November 23, 2014
On Nov. 11, 2014, outside Harris Refectory, the Connecticut College Chamber Choir and Orchestra gave the community an unexpected treat. Passersby were invited to try their hand at conducting the Hallelujah Chorus, a preview for the choir and orchestra's concert that weekend.
Video edited by Dana Sorkin '16
November 21, 2014
As part of the Connecticut College experience, it is common for students to study away during a semester or summer. Last week, I was accepted to study abroad in Milan, Italy, for the spring semester! I will be spending the whole semester abroad, studying at the Universita Boccini and living in an apartment in northern Italy.
I grew up in an Italian household, so I am looking forward to being further immersed in my heritage. At age 4, I learned my first grammatically correct Italian sentence — maí basta. It translates to "never enough" in English. Between the ages of 6 and 8, I was trained to taste the difference between Swedish and Italian meatballs.
As a self-designed new media studies minor, I am looking forward to taking full advantage of multimedia courses and opportunities outside of Conn. As a part of the business studies program in Milan, I will be able to attend Milanese Fashion Week in March and a taping of a Milan TV news series. I have even registered for the course "Culture and Cuisine of Italy," which includes cooking lessons led by the Casa Buitoni chef at the Buitoni headquarters, a major pasta trademark recognized around the world.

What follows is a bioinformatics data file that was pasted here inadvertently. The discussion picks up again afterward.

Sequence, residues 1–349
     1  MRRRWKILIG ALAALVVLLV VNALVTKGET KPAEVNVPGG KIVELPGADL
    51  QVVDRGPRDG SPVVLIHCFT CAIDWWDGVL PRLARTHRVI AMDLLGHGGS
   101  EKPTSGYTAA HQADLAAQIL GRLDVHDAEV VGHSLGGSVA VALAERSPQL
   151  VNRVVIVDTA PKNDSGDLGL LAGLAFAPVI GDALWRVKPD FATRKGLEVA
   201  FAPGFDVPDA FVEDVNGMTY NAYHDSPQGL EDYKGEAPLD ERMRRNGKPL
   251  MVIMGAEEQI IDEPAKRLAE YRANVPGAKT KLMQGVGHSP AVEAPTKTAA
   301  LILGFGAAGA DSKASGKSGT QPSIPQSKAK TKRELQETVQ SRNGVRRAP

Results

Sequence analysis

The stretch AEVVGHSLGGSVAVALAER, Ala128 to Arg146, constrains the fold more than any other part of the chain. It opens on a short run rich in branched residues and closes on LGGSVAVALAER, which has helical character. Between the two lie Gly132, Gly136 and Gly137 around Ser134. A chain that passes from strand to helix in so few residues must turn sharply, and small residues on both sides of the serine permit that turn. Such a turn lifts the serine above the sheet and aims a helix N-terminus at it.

I am most excited to immerse myself in the culture and travel around the rest of Italy and Europe. My study away program has already planned two field trips, including skiing in the Alps and swimming off the coast of Cinque Terre.
When I return, I'm sure that I'll bring new perspectives to my class discussions and assignments at Conn but, for the moment, I'm just excited to go on this new adventure!
November 19, 2014
November 17, 2014
When I first learned about Conn's Arboretum, well before I became a student here, I thought, "OK, trees."
As someone with a tremendous fear of bees and a general dislike for a significant portion of things one might find in nature, exploring a forest didn't strike me as fun. Since becoming a student, however, I have become more comfortable with the idea of spending time in the Arboretum. After all, it's kind of hard to avoid: the 750-acre Arbo encompasses the entire campus and expands for acres in each direction — nearly a mile to the north — as a natural land preserve.